Hopefully he actually changes his life. Additionally, he could slice and dice the words up, put them in a book, and try to get as many other people as possible to read them. That’s what I did after reading the works of St. Alphonsus Liguori (1696-1787), the most-published author in history. As Fr. Christopher Rengers, O.F.M., Cap. has shown in The 33 Doctors of the Church, no author has had more editions of his works printed.
Perhaps the central reason for his publishing success is that St. Alphonsus understood and explained the most pressing need for all human beings: a personal relationship with God. No matter what else may occupy our minds, if we have not God, we have nothing. The saint asks rhetorically, “To what will all the fortunes of this world come?” and he answers, “To a funeral, to a descent into the grave. Blessed is he who obtains eternal life!”
These sentiments, while initially displeasing to some, resonate with all of us. We may try to run from the truth that this world is passing away, and that in the end, the only thing that has any significance for us is our relationship with God. However, if we pray, this realization about the “one thing necessary” becomes palatable, and eventually pleasing.
Publishers were able to print and reprint the works of St. Alphonsus precisely because they so clearly address the most basic need of all human beings.
Among the many topics St. Alphonsus covers in his writings are moral theology, prayer, humility, suffering, the Sacred Heart of Jesus, death, judgment, Heaven, Hell, Confession, Eucharistic adoration, the Passion and Death of Our Lord, and Marian doctrine. The saint’s complete works on these subjects are definitely worth reading in their entirety, but for those who are short on time, or who have never read any of his works, Saint Alphonsus Liguori for Every Day is a great start.
Through one meditation for each day of the year, the reader is introduced to the thoughts of the saint on the topics mentioned above, and others. Consider this one on prayer:
Prayer obtains every grace that is asked for; it vanquishes all the strength of the tempter, it changes men from blind into sighted, from weak into strong, from sinners into saints.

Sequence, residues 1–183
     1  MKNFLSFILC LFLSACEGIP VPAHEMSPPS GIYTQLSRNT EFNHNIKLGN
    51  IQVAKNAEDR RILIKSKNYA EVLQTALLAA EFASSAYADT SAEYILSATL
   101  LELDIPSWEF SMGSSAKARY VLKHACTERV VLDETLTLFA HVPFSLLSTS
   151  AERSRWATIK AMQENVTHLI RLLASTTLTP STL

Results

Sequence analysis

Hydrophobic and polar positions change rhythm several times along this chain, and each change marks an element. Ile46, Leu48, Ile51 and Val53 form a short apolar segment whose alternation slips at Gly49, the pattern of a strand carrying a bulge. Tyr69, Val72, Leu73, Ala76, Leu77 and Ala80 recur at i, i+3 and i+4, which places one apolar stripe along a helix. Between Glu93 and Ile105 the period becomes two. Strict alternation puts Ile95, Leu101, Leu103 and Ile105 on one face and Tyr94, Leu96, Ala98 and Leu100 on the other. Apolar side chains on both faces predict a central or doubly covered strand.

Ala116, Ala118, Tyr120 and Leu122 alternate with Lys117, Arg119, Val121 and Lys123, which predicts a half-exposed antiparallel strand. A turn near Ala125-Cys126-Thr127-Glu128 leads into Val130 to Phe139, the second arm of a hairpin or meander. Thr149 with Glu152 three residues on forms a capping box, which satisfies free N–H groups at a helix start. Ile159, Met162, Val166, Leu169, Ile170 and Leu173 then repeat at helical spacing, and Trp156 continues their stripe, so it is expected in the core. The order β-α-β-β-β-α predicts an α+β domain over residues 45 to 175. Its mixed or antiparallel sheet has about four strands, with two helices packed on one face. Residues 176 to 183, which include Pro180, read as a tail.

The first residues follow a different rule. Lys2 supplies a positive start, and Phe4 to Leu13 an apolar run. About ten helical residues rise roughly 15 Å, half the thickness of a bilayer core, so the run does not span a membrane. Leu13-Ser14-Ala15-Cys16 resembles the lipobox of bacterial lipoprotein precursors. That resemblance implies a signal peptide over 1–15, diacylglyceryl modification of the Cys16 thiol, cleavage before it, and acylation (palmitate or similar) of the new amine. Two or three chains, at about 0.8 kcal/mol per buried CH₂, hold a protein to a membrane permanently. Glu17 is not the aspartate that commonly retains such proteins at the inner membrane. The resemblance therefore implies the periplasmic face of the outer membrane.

St. Alphonsus was unambiguous on the topic of prayer, recognizing it to be the key to salvation. While they all retain their own objective value, no part of the Christian message is of any importance to the individual believer if he does not pray. Without prayer, the riches of salvation cannot be obtained; therefore the saint says that it is morally impossible for the man who does not pray to be saved.
On the love of Christ crucified:
Who, indeed, at the sight of a crucified God dying for our love can refuse to love Him? Those thorns, those nails, those wounds and that blood call upon us and irresistibly urge us to love Him who has loved us so much.
A mere mortal who would willingly suffer unspeakable pain for our sake would be the subject of our endless gratitude and admiration. What, then, can we say of a God who has suffered just this for us? A God who covers up his divinity, so to speak, and walks among His creatures as one of us, accepting an unjust and humiliating death for our sake, such a God is worthy of all our love.
On our own sufferings:
Even with regard to the present life, it is certain that he who suffers with most patience enjoys the greatest peace. It was a saying of St. Philip Neri that in this world there is no purgatory; it is either all Heaven or all Hell: he that patiently bears tribulations enjoys a heaven; he that does not do so, suffers a hell.
St. Alphonsus knew from personal experience the great importance of suffering well, explaining that what distinguishes the sinner from the saint is not whether each suffers, but how each suffers. The obstinate sinner refuses the cross and therefore increases his pain; the saint accepts the cross and reduces or even eliminates his pain.
Loosely corresponding to the liturgical calendar, Saint Alphonsus Liguori for Every Day is a small but wisdom-packed resource for those unfamiliar with the saint. I am grateful for the opportunity to put the book together, and thereby share some of the lessons I’ve learned from St. Alphonsus. Thanks be to God for using a man to impart so much solid Catholic wisdom to so many millions of people for well over two hundred years. St. Alphonsus Liguori, continue to pray for us!